Bringing Awareness to TDV and Consent

OHS hosted its first “Teen Dating Violence” Week



Teen dating violence (TDV) is a public issue that affects people of all ages, especially high school teenagers. TDV is regarded as physical, sexual, or psychological violence within a romantic relationship. According to, 1 in 3 people experiences physical and/or sexual violence from a partner. To ensure this doesn’t happen to you, it’s important to understand the statistics involved with abuse in young people’s relationships.


Also from, in a recent national survey, nearly 10 percent of high school students reported physical violence and 11 percent reported experiencing sexual violence from a dating partner in the 12 months before the survey. Teens who are victims in high school are at higher risk for abuse throughout their life. Victims of teen dating violence are also more likely to experience symptoms of depression and anxiety. They might also engage in unhealthy behaviors, such as using tobacco, drugs, and alcohol. Before getting into a new relationship one should always get to know the person, and never be afraid to say “NO.”


Talking to other people can help heal the mental scars from abusive relationships and give a victim a better piece of mind. You can talk to anyone in your life, such as parents, family members, friends, or even teachers, and counselor. No one will ignore what you have to say. People care about you, and your voice matters, so don’t be afraid to speak up. OHS school psychologist Dr. Claudia Avila said, “I believe we need educational sources for students so that they can become aware of what exactly TDV is, what it looks like, and the signs to look for so that they can also proactively advocate for themselves, both girls and boys.”


Some Oxnard High School students are aware of this issue and have their own opinions about it. Junior Nathalia De La Rosa said, “I would prevent it by staying away from people I’ve heard rumors about or break up with the person.”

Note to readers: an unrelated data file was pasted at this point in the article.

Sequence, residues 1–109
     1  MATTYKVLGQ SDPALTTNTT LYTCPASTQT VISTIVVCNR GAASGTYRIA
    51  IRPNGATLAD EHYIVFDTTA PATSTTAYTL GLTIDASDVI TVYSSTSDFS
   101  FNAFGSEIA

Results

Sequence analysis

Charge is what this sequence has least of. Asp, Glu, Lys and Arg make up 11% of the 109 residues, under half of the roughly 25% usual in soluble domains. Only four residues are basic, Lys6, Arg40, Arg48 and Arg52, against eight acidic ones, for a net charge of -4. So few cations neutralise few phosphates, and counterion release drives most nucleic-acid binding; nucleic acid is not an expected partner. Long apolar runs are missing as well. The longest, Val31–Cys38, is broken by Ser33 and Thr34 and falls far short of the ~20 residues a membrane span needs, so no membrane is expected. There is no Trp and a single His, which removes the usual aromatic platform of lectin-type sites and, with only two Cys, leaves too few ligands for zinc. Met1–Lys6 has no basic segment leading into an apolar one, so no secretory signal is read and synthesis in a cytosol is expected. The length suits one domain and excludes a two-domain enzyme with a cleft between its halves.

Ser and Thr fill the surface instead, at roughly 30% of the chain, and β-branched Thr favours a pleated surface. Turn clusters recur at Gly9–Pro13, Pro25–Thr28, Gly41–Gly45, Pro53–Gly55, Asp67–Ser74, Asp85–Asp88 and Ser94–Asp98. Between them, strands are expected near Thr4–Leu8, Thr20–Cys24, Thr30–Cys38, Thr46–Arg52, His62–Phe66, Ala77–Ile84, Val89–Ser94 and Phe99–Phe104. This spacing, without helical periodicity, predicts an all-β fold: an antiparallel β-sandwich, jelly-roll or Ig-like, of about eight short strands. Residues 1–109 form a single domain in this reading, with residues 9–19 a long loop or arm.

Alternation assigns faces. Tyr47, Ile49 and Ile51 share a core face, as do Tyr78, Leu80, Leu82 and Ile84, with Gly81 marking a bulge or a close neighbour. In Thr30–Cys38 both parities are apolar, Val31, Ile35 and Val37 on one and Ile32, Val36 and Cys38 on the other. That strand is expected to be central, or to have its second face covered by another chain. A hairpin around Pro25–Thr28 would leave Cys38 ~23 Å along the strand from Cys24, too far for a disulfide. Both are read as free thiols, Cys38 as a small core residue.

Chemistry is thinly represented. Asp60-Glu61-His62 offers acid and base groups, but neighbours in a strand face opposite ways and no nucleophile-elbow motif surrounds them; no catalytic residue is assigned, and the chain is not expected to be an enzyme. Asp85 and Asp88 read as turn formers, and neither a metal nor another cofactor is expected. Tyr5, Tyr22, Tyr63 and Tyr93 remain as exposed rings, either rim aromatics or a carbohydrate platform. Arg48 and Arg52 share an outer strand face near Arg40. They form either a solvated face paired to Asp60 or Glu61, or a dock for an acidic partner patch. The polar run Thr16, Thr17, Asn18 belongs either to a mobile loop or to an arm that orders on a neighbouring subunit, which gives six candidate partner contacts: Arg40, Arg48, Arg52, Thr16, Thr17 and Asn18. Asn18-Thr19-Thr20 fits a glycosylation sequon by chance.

Another OHS junior, Fred Vasquez, said, “I would prevent this by not even getting into a relationship or leave the person if they are trying to change you.”


When someone is in an unhealthy relationship, they don’t want to leave the person because they often think some behaviors, such as teasing and name-calling are a “normal” part of a relationship. These behaviors can progress into abuse and develop into more serious forms of violence. “I feel that when you love someone it’s hard to let go, but it’s best to let go when you’re in an abusive relationship,” said OHS junior Jose Estrada. Talking to teens now about TDV can show the importance of developing healthy, respectful relationships before getting into one. That is why OHS is holding its first “Teen Dating Violence” week in association with a local nonprofit, The Coalition for Family Harmony. A number of activities to bring awareness to this issue will be implemented during lunch this week.


No matter what, always remember, unhealthy relationships can start early and last a lifetime.


Here are hotlines if needed:


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